Most of us suffer from it most of the time, and those who claim that they don’t are probably deceiving themselves. Spiritual blindness is a fact of life. It makes me think of Coleridge’s ‘owlet atheism . . . hooting at the glorious sun in heaven’ and crying out, ‘where is it?’ We fail to see what is right in front of our noses: the beauty and holiness of God. We capture glimpses of it, or think we do, when we encounter a beautiful building or painting, or are moved by beautiful words or music. But capturing glimpses of it in failure, in ugliness or whatever is contrary to our wishes or ideas, that is more difficult.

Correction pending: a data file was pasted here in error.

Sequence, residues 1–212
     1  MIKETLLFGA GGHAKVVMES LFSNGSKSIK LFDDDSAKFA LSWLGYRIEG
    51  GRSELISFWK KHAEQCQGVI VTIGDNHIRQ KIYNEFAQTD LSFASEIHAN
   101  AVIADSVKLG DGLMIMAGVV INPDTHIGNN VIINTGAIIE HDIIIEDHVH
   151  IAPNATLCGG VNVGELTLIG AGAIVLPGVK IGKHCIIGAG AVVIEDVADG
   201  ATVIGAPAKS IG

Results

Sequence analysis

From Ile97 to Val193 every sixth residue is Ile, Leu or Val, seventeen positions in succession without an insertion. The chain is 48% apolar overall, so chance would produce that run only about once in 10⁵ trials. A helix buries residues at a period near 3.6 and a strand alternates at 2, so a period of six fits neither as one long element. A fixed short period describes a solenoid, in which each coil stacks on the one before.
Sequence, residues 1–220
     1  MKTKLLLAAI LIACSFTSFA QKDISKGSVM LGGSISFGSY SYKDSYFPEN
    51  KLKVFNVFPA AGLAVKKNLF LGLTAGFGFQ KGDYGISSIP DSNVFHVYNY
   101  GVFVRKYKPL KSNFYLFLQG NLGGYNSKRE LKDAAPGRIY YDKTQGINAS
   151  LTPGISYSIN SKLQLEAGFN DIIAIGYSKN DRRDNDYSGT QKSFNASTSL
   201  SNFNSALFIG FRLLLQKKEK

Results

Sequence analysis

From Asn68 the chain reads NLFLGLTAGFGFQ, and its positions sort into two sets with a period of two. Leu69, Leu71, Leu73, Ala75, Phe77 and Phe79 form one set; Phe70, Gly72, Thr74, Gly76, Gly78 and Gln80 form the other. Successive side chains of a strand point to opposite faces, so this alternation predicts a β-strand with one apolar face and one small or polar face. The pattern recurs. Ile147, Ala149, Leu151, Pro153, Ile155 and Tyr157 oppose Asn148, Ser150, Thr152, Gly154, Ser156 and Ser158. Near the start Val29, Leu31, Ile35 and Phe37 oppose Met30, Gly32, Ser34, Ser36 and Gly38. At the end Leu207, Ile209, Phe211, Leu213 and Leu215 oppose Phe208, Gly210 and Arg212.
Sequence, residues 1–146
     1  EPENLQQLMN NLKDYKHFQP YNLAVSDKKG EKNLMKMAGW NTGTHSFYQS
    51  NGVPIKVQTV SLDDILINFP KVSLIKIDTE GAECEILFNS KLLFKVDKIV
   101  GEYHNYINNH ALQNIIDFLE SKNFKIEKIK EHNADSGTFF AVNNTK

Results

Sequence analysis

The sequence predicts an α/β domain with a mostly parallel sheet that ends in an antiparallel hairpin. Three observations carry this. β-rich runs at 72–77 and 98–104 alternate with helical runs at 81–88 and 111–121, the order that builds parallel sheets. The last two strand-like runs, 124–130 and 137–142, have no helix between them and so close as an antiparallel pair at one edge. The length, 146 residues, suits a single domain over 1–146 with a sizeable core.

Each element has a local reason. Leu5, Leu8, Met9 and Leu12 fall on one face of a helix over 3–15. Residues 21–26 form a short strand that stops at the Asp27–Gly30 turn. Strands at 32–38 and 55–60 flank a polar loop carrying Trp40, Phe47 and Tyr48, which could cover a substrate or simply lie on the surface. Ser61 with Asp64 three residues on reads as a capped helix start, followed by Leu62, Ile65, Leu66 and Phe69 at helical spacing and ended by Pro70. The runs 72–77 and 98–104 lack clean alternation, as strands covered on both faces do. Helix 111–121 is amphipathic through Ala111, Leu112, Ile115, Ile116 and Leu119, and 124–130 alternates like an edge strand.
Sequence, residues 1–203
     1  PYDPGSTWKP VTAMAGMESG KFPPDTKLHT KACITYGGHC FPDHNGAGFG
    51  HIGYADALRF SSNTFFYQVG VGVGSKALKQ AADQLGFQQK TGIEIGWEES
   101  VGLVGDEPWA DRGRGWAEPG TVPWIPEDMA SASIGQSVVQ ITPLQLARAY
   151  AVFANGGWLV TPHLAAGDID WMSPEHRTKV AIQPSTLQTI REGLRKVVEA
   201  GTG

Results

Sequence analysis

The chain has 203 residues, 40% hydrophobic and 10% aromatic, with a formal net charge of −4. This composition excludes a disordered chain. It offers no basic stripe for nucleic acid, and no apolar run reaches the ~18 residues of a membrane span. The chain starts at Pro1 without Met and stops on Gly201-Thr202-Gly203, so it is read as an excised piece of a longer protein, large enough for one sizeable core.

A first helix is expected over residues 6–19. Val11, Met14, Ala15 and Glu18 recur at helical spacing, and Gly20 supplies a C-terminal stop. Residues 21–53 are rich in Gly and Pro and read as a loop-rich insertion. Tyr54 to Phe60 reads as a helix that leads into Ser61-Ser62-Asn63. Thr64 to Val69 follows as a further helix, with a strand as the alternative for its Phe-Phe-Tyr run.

Today’s Mass readings, from Isaiah 29 and Matthew 9. 27–31 are about being cured of blindness. What we may fail to take on board is that being cured of blindness doesn’t change the world, only our perception of it. We may recoil from what we think of as being somehow ‘contrary to God’ (by which we usually mean our ideas of God) but that is to perpetuate a kind of blindness, a refusal to see things as they truly are. It is especially dangerous when it concerns the way in which we see other people, because we can choose to see a distorted and distorting version of them. There is a part of the eye called the fovea where we see clearly, without any distortion. That is how God sees us and how, this Advent, we are invited to see him and all that he has created.